A Portland State University study determined that low-income neighborhoods around Portland are disproportionately affected by flooding and extreme heat – and those risks are only expected to increase as a result of climate change in the coming years.
The research team mapped flooding and excessive heat and then tested this data alongside sociodemographic data (e.g. income, education, etc.) and other variables such as proximity to green space and impervious ground surfaces.
In major cities, as green space is replaced by pavement and buildings, hot spots known as urban heat islands develop. The Urban Heat Island effect can raise temperatures up to 5 degrees Celsius. The PSU study found that the areas with the greatest heat hazards are found in East Portland, North Portland and places situated along major thoroughfares.
These largely paved areas also increase an area’s flood risk as there are fewer plants to absorb accumulating precipitation and hold this water in the soil. The researchers pinpointed “high flood potential areas” along I-205 and in East Portland. The greatest risk of both extreme heat and flooding were found in pockets throughout East Portland, SE Portland, and North Portland.
"Not surprisingly, those poorer, low-lying areas on the eastside along Highway 205 are disproportionately exposed to floods and urban heat islands," said Heejun Chang, a geography professor in PSU's College of Liberal Arts and member of the research team behind the study, in a press release about the study. "Those are the potential target areas where the city needs to pay attention."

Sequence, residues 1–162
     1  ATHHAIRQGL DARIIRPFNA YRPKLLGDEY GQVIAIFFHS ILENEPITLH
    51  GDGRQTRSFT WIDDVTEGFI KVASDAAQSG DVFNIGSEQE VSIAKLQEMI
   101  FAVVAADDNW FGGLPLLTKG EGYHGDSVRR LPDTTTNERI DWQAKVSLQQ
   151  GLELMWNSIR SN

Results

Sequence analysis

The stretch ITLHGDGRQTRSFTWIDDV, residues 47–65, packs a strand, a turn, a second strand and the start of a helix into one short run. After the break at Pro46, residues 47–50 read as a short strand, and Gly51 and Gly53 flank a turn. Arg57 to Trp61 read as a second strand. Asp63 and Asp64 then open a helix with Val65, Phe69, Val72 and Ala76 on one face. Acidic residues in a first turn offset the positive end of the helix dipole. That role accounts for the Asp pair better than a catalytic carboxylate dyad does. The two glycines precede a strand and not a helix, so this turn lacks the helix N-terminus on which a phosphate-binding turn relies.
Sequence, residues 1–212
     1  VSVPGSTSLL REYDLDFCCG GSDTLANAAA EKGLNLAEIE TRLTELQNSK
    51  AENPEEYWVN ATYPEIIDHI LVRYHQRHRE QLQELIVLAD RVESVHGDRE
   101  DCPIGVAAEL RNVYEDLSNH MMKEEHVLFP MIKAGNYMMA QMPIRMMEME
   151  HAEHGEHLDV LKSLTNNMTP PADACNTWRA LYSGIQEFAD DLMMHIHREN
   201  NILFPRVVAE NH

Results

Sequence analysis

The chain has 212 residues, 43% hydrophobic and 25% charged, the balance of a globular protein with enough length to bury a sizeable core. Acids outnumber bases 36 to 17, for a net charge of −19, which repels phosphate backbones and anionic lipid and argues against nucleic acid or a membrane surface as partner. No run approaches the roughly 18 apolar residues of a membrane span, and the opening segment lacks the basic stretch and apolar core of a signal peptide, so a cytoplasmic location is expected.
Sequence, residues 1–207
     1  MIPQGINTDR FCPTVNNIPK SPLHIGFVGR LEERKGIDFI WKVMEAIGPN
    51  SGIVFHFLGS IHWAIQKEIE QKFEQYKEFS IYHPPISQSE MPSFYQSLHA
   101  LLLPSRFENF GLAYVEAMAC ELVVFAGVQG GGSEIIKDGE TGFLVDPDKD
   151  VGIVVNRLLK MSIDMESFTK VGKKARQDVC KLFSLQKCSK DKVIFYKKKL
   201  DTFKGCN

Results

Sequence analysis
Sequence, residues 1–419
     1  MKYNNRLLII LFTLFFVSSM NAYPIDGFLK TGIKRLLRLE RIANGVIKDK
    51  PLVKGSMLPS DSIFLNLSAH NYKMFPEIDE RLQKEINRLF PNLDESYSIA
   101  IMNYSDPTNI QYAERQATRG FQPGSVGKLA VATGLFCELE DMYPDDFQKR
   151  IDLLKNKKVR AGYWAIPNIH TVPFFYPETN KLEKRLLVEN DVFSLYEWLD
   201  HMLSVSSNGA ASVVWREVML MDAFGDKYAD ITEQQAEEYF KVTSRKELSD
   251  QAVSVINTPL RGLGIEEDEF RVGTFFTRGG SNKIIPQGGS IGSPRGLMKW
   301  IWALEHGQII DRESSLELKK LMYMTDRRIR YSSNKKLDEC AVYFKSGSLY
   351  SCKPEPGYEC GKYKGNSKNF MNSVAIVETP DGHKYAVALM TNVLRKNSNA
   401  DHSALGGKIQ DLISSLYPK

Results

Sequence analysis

Cities around the globe are using creative approaches to minimize flood risks and heat islands including both low- and high-tech solutions.
In Los Angeles, the city painted several streets white to reflect sunlight and minimize heat absorption. Any initiatives designed to address both urban heat islands and flooding is certainly something to consider and green space creation does just that.
"Planting trees or constructing green roofs would both be great ways to minimize the urban heat island and also to slow runoff from intense rainstorms,” said Jillian W. Gregg, a researcher with Oregon State University’s Department of Crop and Soil Science. “Plus, there will be evaporative cooling from the moist soils and transpiration from the foliage that will absorb some of the moisture and also return a portion back to the atmosphere which would help some with the flooding."